November 19, 2012 – Five Kernels of Corn

The local Rotary Club at the Saginaw Valley celebrated Thanksgiving today.  On our table I saw these five kernels of corn with a handmade bookmark courtesy of our club’s patriarch, Jack.  I have never heard of the story of the five kernels before but as soon as I heard it, I knew that I must post it.  This is one of the most interesting Thanksgiving stories I have heard.  Here is the story I found scattered around the internet.  I couldn’t find a trustworthy account to prove or disprove this story, it is a very nice and heartwarming story nonetheless, just take it with a grain of salt.

“It was very cold for the Pilgrims that first winter in 1622. Food was in very short supply. To make matters worse, late in 1622 a ship bound for England held the various provisions that the Pilgrims desperately needed. But the captain of the ship cheated them. This ship did provide the early settlers with the items they would need to trade with the Indians for food. Even with the additional food secured from the Indians, their food supplies were still low and rations continued to be decreased.

At one point in 1623, rations were just five grains of corn each day. Somehow, these brave Pilgrims were surviving on just five kernels of corn a day. As spring came and the planting time for the corn crop there was hope for a bountiful harvest. Sadly, a severe drought struck the area and soon withered the corn crop.

This sounds very familiar to the predicament that many Greene County farmers faced this past growing season with record drought conditions gripping the growing season. The Pilgrims turned to God for help with what they had no control over. They conducted a prayer service to ask God for rain. The prayers were answered the next day as gentle soaking showers were received off and on for two weeks.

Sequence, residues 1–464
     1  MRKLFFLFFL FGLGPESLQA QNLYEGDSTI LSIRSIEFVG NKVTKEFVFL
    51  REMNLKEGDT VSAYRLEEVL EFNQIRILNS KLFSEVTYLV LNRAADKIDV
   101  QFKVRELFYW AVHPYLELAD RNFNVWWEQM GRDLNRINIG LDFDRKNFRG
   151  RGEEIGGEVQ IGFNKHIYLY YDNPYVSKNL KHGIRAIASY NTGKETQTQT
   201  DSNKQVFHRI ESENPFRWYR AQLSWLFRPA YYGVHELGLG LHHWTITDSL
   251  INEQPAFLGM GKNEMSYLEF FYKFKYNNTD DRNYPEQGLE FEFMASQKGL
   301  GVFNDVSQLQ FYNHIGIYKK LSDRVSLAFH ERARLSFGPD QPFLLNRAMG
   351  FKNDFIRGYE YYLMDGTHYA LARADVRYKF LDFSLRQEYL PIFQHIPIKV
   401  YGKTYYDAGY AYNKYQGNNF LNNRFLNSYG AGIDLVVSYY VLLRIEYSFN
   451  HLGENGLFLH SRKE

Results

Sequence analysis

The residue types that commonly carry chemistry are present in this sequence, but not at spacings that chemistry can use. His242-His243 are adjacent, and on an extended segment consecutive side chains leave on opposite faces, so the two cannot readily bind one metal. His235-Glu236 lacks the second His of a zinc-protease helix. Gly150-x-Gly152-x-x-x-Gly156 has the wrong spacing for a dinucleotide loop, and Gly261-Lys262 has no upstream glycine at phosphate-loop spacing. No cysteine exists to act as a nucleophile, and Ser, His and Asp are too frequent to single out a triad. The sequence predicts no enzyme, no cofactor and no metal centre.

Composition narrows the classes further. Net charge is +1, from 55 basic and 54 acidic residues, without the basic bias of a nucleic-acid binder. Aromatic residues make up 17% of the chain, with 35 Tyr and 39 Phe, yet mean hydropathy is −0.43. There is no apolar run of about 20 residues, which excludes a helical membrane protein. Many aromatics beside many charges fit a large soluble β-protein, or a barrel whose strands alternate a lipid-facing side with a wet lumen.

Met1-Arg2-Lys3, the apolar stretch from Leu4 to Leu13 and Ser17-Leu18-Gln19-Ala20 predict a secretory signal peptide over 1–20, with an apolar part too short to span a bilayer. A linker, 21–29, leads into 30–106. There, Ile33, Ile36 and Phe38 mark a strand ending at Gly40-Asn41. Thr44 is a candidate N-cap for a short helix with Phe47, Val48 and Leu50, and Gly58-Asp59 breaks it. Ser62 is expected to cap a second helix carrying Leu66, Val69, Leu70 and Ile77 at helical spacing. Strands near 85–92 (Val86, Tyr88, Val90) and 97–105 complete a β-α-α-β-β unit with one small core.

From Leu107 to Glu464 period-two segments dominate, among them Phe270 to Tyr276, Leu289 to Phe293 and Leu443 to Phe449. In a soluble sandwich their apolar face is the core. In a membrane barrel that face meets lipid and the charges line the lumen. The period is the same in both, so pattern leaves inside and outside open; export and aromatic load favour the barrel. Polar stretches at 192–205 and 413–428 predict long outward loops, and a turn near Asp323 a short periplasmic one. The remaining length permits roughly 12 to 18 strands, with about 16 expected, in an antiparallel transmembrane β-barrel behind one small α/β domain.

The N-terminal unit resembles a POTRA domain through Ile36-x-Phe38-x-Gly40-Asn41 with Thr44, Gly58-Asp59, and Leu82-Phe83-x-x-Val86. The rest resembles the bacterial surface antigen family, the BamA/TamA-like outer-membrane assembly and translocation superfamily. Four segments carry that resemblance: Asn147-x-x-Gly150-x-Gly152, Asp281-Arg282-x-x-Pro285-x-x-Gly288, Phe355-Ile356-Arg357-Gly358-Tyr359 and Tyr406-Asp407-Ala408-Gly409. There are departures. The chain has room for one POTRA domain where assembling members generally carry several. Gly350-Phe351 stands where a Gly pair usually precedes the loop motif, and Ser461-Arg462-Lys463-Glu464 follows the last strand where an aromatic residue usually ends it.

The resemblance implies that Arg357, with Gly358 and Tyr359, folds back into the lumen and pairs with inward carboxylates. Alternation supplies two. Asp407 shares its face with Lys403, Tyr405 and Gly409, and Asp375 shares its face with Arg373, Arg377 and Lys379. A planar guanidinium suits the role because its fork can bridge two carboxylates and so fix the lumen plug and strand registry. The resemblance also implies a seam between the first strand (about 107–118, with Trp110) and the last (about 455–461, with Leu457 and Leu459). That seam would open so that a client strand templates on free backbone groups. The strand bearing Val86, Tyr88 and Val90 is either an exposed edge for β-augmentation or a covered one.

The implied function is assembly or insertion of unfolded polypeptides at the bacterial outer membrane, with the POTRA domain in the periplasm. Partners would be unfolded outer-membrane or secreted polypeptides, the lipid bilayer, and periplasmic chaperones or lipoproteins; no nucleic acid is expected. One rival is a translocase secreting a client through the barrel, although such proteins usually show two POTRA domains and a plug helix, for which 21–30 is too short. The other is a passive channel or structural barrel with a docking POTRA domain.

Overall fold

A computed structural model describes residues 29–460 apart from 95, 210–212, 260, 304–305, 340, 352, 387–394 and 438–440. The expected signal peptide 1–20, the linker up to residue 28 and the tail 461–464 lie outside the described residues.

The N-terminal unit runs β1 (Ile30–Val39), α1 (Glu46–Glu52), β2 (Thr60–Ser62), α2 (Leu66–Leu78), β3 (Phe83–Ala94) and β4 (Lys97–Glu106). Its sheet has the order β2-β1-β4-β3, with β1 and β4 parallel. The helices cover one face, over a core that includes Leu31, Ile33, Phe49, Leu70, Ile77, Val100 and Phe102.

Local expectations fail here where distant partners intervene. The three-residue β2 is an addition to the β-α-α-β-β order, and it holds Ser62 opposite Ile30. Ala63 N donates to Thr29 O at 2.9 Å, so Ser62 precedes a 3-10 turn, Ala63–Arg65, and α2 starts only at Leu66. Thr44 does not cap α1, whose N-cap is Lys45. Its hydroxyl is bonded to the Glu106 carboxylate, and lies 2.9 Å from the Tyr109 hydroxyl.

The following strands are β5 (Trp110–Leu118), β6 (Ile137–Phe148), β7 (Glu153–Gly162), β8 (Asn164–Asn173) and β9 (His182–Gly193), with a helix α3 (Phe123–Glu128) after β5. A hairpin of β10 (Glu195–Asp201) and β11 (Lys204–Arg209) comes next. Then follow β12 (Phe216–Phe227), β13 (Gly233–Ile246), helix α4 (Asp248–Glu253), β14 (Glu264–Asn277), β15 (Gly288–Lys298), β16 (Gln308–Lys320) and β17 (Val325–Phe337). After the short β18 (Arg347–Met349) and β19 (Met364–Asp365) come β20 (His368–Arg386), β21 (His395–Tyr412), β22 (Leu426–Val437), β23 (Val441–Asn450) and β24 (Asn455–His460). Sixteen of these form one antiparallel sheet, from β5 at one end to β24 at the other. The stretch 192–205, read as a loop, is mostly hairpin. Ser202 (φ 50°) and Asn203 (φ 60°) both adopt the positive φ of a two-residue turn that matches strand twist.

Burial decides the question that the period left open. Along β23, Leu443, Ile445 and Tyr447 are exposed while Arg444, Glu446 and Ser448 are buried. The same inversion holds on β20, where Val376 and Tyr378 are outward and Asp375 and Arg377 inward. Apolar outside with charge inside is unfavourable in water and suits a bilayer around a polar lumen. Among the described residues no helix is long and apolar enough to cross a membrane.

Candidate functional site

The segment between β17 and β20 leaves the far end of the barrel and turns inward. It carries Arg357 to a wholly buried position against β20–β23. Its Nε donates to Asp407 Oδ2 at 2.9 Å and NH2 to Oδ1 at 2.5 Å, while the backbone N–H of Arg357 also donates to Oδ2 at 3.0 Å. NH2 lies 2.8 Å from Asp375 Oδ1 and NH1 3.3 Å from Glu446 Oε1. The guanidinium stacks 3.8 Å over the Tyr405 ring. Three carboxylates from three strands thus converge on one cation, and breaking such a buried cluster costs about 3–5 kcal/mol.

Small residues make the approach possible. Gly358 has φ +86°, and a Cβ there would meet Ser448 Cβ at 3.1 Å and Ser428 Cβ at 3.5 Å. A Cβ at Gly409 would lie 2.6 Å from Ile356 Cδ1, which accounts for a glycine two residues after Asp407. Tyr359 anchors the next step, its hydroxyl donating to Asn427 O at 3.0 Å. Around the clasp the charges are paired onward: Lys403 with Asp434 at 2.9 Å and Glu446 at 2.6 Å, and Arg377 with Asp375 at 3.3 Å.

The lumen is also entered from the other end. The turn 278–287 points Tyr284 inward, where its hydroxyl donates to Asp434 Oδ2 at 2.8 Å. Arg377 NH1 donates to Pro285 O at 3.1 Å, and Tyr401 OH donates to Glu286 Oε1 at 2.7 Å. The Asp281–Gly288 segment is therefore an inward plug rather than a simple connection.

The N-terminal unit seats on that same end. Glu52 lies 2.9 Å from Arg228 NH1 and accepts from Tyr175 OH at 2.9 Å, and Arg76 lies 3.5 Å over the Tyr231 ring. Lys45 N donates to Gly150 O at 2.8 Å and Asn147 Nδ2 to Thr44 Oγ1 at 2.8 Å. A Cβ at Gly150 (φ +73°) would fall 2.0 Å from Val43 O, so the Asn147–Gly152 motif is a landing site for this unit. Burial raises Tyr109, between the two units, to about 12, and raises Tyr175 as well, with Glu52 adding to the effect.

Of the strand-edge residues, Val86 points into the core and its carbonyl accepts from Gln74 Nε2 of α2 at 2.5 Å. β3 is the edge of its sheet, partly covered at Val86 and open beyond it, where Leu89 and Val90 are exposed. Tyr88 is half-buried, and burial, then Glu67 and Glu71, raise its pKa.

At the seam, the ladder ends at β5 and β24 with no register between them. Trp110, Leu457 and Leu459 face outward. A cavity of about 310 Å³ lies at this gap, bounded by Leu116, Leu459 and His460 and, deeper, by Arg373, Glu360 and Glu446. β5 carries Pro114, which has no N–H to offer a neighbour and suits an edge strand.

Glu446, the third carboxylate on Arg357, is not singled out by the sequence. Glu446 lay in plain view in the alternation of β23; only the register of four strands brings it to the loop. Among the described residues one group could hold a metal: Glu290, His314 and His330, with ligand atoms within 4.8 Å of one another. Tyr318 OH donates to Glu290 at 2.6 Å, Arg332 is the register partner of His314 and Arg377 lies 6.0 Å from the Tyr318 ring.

The corn soon revived and the crop was spared.

Later that same month another ship of colonists arrived with people and provisions. The harvest of 1623 was the best yet in Plymouth and gave hope that they would never face starvation again. As a reminder of their blessed harvest, every Thanksgiving thereafter, the Pilgrims placed five kernels of corn beside each plate as a remind to each of them of their blessings.

The first kernel was thanks for the Autumn beauty.
The second kernel was to give thanks for loving one another.
The third piece of corn was in thankfulness for their family.
The fourth was in thanks for friendship.
The fifth and final kernel was in gratitude for the freedom that they found in America.

This Thanksgiving, let us all remember the blessings of our own lives. Be thankful for the things that really matter. As you prepare for your Thanksgiving meal, take a few moments to separate five kernels of corn for each person at your table.

Count the kernels, count your real blessings.”

I copied this version from


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